News

West Shore project shines the light on myths of gambling

regulatory charges are in relation to the companies Victoria Prime Steakhouse Ltd., Bear Mountain Village Market Ltd. and Nirvana Land Development Ltd., along with two numbered companies. - Charla Huber/News staff
regulatory charges are in relation to the companies Victoria Prime Steakhouse Ltd., Bear Mountain Village Market Ltd. and Nirvana Land Development Ltd., along with two numbered companies.
— image credit: Charla Huber/News staff

For some gambling is all fun and games, but mix the right personality with the wrong information and it can turn disastrous.

To address this issue the B.C. Lottery Corporation will host Responsible

Gambling Awareness Week on the West Shore from Jan. 14 to 18 to help prevent the potential pitfalls of gambling.

The initiative, created by BCLC and the province, is an attempt to help inform people of the risks of gambling and the resources available for those who struggle with gambling addiction.

“The more you know the better equipped you are to make healthy decisions around gambling,” said Caroline Wakefield, senior communications officer for BCLC. “We want to raise that awareness and really connect people to community services and support, should they need it.”

The week will kick off on Tuesday, Jan. 15 with a breakfast launch at 9:30 a.m. at View Royal Casino, featuring speeches and some eats.

Throughout the week the Myth Busting Kiosk will be set up at various locations throughout the West Shore, including grocery stores, malls, senior’s centre and a Victoria Grizzlies game.

BCLC’s intention with the kiosk is to dispel myths about gambling and provide information. For example, a common myth is that there are “hot” and “cold” slot machines, and a slot machine that hasn’t given money for some time is “due for a win.”

Some people will keep playing, and keep losing, waiting for that elusive win.

As the information at the kiosk helps explain, this isn’t true. The results of a slot machine spin are determined completely randomly every spin and there are no patterns or “streaks,” therefore a machine can never be “hot” or “cold.”

“People can learn about randomness or how slot machines work or things like that,” said Westfield. “We try to make it fun and interactive so that it’s interesting to learn this information, and at the same time give people a chance to learn a little bit more ‘behind the scenes’ of how these games work.”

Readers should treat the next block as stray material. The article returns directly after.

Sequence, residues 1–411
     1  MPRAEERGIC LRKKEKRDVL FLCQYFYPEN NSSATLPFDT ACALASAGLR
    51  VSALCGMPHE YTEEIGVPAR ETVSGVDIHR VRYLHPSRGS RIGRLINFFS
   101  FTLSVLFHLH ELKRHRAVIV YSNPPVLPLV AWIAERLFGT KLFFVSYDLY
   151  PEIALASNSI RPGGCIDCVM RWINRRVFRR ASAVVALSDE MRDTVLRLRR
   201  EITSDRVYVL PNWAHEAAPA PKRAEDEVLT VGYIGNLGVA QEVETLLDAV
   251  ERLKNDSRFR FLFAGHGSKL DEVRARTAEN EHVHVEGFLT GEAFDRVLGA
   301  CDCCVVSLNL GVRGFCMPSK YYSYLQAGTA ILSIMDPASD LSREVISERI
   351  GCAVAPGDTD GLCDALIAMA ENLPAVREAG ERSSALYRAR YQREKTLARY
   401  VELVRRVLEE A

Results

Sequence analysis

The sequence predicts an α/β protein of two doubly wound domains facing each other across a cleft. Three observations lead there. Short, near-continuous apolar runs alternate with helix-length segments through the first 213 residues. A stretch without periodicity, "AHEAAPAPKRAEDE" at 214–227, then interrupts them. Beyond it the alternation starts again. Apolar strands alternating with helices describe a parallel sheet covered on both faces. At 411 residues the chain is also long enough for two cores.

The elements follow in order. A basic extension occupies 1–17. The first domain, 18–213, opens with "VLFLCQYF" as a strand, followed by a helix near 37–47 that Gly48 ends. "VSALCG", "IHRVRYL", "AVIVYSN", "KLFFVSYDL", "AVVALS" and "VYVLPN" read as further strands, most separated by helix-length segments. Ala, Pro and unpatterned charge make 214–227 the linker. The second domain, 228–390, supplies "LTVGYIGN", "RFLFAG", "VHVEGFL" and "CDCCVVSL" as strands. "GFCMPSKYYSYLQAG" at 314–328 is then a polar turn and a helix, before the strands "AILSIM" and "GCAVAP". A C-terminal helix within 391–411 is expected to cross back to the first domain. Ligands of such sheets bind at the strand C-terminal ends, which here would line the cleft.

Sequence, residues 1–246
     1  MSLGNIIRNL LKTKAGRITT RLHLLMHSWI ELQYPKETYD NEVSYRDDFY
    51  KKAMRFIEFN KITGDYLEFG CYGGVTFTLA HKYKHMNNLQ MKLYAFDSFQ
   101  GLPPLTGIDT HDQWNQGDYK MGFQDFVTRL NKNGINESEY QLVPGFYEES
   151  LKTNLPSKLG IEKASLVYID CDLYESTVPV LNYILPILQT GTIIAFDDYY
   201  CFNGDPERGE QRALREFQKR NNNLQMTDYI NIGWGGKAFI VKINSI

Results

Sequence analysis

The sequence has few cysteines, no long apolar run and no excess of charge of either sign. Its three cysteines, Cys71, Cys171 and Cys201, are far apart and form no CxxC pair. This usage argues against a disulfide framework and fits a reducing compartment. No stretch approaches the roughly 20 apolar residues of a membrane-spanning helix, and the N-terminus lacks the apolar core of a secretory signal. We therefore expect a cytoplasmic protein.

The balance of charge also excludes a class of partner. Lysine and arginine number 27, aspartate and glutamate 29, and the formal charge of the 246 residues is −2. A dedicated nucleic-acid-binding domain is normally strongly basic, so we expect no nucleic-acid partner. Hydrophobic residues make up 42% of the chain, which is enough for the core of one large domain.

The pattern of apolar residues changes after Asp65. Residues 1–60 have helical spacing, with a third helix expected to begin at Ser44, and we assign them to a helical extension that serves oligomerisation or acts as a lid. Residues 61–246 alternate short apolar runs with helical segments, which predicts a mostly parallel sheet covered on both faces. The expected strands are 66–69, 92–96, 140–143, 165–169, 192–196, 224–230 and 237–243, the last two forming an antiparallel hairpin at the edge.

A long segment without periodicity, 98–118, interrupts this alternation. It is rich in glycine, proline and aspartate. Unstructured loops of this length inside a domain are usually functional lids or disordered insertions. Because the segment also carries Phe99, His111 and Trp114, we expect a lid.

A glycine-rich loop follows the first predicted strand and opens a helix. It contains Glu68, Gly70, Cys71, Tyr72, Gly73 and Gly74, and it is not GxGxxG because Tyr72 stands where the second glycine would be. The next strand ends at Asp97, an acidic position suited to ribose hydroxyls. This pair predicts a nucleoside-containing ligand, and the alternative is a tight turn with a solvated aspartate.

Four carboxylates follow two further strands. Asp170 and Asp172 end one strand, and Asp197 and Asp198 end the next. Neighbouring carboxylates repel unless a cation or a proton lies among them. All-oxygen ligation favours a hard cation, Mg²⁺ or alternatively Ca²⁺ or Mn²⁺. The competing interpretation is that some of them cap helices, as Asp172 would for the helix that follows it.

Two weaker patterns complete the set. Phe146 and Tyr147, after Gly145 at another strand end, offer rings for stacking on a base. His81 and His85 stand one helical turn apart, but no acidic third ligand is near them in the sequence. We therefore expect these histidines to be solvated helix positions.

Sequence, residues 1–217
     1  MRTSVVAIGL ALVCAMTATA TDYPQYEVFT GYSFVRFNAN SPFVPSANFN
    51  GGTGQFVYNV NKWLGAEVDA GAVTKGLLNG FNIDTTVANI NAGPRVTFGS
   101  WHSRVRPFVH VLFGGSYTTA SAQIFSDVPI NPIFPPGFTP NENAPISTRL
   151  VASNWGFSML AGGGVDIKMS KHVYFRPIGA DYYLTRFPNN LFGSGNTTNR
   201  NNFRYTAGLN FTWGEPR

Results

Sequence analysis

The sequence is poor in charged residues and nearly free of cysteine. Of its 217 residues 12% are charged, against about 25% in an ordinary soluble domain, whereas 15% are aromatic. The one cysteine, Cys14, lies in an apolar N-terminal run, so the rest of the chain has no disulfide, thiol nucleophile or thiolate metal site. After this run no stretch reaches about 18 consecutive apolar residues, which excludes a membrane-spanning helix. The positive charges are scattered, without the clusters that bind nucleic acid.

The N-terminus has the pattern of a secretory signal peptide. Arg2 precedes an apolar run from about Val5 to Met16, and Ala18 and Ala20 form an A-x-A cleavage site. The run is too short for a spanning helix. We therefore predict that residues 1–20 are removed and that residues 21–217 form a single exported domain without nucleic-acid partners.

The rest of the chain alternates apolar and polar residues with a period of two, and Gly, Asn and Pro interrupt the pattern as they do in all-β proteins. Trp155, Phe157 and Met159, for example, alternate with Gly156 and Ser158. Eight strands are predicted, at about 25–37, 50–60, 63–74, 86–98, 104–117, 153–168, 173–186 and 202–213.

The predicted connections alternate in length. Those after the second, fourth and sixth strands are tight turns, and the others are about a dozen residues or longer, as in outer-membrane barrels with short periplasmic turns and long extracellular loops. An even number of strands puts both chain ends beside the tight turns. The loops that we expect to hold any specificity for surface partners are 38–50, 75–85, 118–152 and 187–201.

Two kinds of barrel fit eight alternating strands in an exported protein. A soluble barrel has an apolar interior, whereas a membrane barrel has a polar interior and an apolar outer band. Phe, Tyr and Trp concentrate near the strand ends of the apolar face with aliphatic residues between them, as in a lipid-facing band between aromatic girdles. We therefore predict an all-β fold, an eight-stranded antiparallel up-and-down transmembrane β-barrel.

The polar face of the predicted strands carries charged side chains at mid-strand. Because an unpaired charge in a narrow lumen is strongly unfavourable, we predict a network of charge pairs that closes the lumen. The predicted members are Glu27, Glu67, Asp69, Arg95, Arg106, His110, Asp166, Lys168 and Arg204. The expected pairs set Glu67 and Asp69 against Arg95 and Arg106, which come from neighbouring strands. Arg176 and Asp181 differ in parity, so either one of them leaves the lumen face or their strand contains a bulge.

The main event will be an open house on Saturday, Jan. 19 from 10 a.m. to 1 p.m. at the Juan de Fuca Recreation Centre. At the event experts in the field of gambling will give talks, starting at 10:30 a.m., and provide responsible gambling tips. Coffee and snacks will be provided.

BCLC hosted the first Gambling Awareness Week last year in Vernon, at the city’s request. This year five communities will host events and Westfield said interest has been expressed in expanding further.

There are a number of resources available regularly for people looking for information on gambling or grappling with a gambling addiction.

BCLC hosts the GameSense.ca website, a responsible gambling information centre that offers a wide variety of resources. The province hosts BCResponsibleGambling.ca, another website with information about gambling and gambling addiction.

At every casino, including the View Royal Casino, there is a Game Sense information centre with information on gambling and advisors available to talk about responsible gambling.

For problem gamblers BCLC has a self-exclusion program, through which people can voluntarily choose to be denied admittance to casinos for a certain amount of time.

“(These resources) really are part of our commitment towards responsible gambling so we like to make them available,” Wakefield said. “We continue to support them to ensure that people have the access they need to all these resources and any support, if they need it.”

 

 

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